Mesoblast prepares for a critical trial of their cell therapy with end-stage heart failure patients, as it announced it had completed the enrolment of patients.
On Thursday (September 28) Mesoblast Limited (NASDAQ:MESO; ASX:MSB) completed the enrolment for its phase 2b cell therapy trial of its allogeneic mesenchymal precursor cell (MPC) therapy treating end-stage heart failure.
According to the release, Mesoblast will determine success in this trial if over a six-month period MPC-150-IM can “strengthen native heart muscle” enough to maintain “circulation in end-stage heart failure patients once they have been weaned from left ventricular assist devices (LVADs).”
The chief executive officer of Mesoblast, Dr. Silviu Itescu told the Investing News Network (INN) the work his company is doing has been a focus of the cardiovascular community. Itescu said the company is testing a way to improve the current treatment used for these patients.
Mesoblast alleges of the 50,000 patients facing end-stage heart failure, less than 5,000 are treated with LVADs due to high risks of “increased morbidity, recurrent hospitalizations,” and other medical complications.
Pilot trial showed Mesoblast the potential of MPC-150-IM
“We believe that MPC-150-IM could substantially impact outcomes of patients with end-stage heart failure by reducing LVAD-related morbidity, reducing hospital re-admission rates, and improving survival,” Itescu said in the company’s announcement.
The company previously conducted a pilot study with a smaller dose of 25 million cells, which showed improvement in the patients. Now with 150 million cells, Mesoblast hopes the results will continue the positive trend.
The data collected in this new trial, as Itescu told INN, will complement the one collected for a phase 3 study of MPC-150-IM in patients with moderate to advanced chronic heart failure (CHF).
This phase 3 trial for the company’s allogeneic mesenchymal precursor cell, was able to meet a pre-specified interim futility analysis of the efficacy endpoint for the first 270 enrolled patients.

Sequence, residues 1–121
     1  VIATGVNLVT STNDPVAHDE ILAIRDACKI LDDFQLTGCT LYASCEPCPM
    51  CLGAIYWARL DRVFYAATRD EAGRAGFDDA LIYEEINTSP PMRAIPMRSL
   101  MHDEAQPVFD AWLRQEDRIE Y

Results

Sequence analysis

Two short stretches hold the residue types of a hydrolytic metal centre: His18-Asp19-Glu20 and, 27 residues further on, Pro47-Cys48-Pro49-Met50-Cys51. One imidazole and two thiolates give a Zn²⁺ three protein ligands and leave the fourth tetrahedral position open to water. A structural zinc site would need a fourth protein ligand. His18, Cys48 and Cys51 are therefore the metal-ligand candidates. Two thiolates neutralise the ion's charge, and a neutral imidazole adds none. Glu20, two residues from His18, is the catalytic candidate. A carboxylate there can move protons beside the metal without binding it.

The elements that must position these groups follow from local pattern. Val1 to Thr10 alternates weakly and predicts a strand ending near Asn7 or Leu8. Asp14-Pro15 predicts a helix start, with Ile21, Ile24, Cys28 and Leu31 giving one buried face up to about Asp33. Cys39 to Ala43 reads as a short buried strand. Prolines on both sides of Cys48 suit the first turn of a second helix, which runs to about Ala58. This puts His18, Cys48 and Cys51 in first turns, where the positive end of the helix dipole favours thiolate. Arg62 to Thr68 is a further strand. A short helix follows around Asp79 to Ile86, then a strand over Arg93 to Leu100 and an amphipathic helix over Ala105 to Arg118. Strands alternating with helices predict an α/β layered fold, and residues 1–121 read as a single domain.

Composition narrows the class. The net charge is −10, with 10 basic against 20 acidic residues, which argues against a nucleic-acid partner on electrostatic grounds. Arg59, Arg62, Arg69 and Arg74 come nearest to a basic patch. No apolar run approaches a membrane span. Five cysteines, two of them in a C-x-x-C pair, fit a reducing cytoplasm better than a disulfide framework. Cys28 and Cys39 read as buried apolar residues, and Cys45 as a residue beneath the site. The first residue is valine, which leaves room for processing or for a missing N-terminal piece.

At the market close on Thursday, Mesoblast’s share price declined 1.27 percent on the NASDAQ. Still, on a year-to-date basis, Mesoblat’s shares have increased slightly by 1.68 percent.
Analyst firms Oppenheimer and Cantor Fitzgerald began covering Mesoblast this year. Dr. Mark Breidenbach and Matthew Biegler, analysts at Oppenheimer, gave Mesoblast’s NASDAQ stock a price target of $16. At the close on Thursday, the company’s NASDAQ listing was valued at $5.44.
Oppenheimer warned against several situations in their downside scenario where the company could see a downturn if it’s top line results are “negative or ambiguous.” The investing firm also cautioned investors if Mesoblast doesn’t attract partnerships to offset the development and commercialization costs of their development pipeline.
“While we think MSCs (mesenchymal stem cell therapies) have been dragged through the mud in recent years… Mesoblast’s products have demonstrated clinical efficacy across multiple indications in randomized trials,” Breidenbach and Biegler wrote on their research note, published on August 30.
The co-authors of the Cantor Fitzgerald note, Dr. Elemer Piros and Justin Kim, wrote the see Mesoblast well positioned to get “multi-billion royalties” amounting to $6 billion.
“Mesoblast has generated a platform of clinical data validating the mechanism of action of the underlying cells to restore and control active disease states of acute GVHD, chronic heart failure (CHF), chronic lower back pain (CLBP), and rheumatoid arthritis (RA),” Cantor Fitzgerald,’s June 7 report indicated.
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Securities Disclosure: I, Bryan Mc Govern, hold no direct investment interest in any company mentioned in this article.